Thankfully we live in a time when we can make the choice: pay extra for the “app”, or just stick with the good ol’ World Wide Web. What do you do? I would love to hear about your innovative ways of using technology to help you handle the gluten-free diet. As for me, I’m pretty old fashioned. I either look it up online before I leave the house or at a last resort, I print up a list and bring it with me to the store. I know…someone just get me a cane.

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I read your blog

Very interesting

In fact I have been searching for this for months

www.celiac.com is a site I'll keep bookmarked

Great effort keep up the good work!

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Your discussion of available applications was very helpful to a group of kids I'm working with on a research project.

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    1. Toft M, Dietrichs E. Aggravated stuttering following subthalamic deep brain stimulation in Parkinson’s disease--two cases. BMC Neurol. 2011 Apr 8;11:44.
    2. Tani T, Sakai Y. Stuttering after right cerebellar infarction: a case study. J Fluency Disord. 2010 Jun;35(2):141-5. Epub 2010 Mar 15.
    3. Lundgren K, Helm-Estabrooks N, Klein R. Stuttering Following Acquired Brain Damage: A Review of the Literature. J Neurolinguistics. 2010 Sep 1;23(5):447-454.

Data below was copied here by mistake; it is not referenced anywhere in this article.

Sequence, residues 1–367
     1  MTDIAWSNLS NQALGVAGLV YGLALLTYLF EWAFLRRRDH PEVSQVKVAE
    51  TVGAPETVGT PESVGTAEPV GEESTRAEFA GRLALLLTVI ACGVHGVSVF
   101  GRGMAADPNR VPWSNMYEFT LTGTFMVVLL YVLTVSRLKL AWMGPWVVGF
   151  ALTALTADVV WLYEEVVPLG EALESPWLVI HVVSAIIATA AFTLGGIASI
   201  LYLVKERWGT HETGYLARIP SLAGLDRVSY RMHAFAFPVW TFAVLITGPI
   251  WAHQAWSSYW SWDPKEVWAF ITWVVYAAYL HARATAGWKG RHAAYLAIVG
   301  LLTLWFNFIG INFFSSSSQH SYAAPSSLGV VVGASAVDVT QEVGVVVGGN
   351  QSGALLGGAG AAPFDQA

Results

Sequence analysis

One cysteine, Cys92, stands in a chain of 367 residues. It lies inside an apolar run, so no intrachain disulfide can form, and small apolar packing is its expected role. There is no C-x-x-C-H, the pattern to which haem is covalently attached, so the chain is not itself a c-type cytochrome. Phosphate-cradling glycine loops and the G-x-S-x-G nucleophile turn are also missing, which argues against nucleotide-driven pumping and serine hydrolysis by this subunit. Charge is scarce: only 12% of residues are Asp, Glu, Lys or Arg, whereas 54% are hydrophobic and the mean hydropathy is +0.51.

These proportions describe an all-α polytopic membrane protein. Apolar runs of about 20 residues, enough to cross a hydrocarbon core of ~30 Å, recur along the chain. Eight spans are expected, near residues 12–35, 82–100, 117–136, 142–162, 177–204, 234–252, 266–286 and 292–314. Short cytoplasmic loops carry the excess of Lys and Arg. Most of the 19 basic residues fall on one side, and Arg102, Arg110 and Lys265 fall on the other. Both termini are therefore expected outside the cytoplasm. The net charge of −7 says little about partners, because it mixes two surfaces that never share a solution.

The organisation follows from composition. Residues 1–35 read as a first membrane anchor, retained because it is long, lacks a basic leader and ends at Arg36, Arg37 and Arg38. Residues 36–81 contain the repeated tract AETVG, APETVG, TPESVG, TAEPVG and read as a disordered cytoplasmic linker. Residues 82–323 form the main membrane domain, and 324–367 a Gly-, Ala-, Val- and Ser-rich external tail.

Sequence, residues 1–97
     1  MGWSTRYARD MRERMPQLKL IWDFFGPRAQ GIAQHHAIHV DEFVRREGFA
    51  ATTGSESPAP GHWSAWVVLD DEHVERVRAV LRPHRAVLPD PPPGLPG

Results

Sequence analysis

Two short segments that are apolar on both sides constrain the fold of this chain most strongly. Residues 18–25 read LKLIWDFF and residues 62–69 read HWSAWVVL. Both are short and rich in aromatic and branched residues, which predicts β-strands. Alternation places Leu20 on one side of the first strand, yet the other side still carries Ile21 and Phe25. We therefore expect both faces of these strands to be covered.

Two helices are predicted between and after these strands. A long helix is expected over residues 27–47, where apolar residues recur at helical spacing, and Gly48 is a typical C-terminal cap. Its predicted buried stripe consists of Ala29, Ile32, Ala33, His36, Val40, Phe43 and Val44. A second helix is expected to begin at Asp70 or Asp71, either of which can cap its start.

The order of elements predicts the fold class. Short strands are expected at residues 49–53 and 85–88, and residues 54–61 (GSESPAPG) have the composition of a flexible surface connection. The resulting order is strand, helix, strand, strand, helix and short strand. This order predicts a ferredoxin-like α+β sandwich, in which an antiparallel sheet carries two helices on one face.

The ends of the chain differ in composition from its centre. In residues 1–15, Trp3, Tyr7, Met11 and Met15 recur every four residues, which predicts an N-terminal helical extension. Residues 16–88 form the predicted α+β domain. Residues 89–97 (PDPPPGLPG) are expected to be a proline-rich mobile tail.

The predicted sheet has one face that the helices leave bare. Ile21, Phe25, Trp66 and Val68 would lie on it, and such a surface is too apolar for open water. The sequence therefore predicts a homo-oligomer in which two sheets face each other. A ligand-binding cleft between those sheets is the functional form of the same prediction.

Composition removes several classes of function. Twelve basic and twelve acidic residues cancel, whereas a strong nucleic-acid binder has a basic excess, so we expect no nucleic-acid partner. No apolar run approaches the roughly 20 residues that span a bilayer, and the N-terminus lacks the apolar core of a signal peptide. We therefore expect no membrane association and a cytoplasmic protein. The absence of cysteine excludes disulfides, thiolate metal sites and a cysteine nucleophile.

4. Jäncke L, Hänggi J, Steinmetz H. Morphological brain differences between adult stutterers and non-stutterers. BMC Neurol. 2004 Dec 10;4(1):23.
    5. Kell CA, Neumann K, von Kriegstein K, Posenenske C, von Gudenberg AW, Euler H, Giraud AL. How the brain repairs stuttering. Brain. 2009 Oct;132(Pt 10):2747-60. Epub 2009 Aug 26.
    6. Galantucci S, Tartaglia MC, Wilson SM, Henry ML, Filippi M, Agosta F, Dronkers NF, Henry RG, Ogar JM, Miller BL, Gorno-Tempini ML. White matter damage in primary progressive aphasias: a diffusion tensor tractography study. Brain. 2011 Jun 11.
    7. Lundgren K, Helm-Estabrooks N, Klein R. Stuttering Following Acquired Brain Damage: A Review of the Literature. J Neurolinguistics. 2010 Sep 1;23(5):447-454.
    8. [No authors listed] Case records of the Massachusetts General Hospital. Weekly clinicopathological exercises. Case 43-1988. A 52-year-old man with persistent watery diarrhea and aphasia. N Engl J Med. 1988 Oct 27;319(17):1139-48
    9. Molteni N, Bardella MT, Baldassarri AR, Bianchi PA. Celiac disease associated with epilepsy and intracranial calcifications: report of two patients. Am J Gastroenterol. 1988 Sep;83(9):992-4.
    10. http://ezinearticles.com/?Food-Allergy-and-Stuttering-Link&id=1235725 
    11. http://www.craig.copperleife.com/health/stuttering_allergies.htm 
    12. https://www.celiac.com/forums/topic/73362-any-help-is-appreciated/
    13. Ford RP. The gluten syndrome: a neurological disease. Med Hypotheses. 2009 Sep;73(3):438-40. Epub 2009 Apr 29.
    14. Hadjivassiliou M, Gibson A, Davies-Jones GA, Lobo AJ, Stephenson TJ, Milford-Ward A. Does cryptic gluten sensitivity play a part in neurological illness? Lancet. 1996 Feb 10;347(8998):369-71.

    Jefferson Adams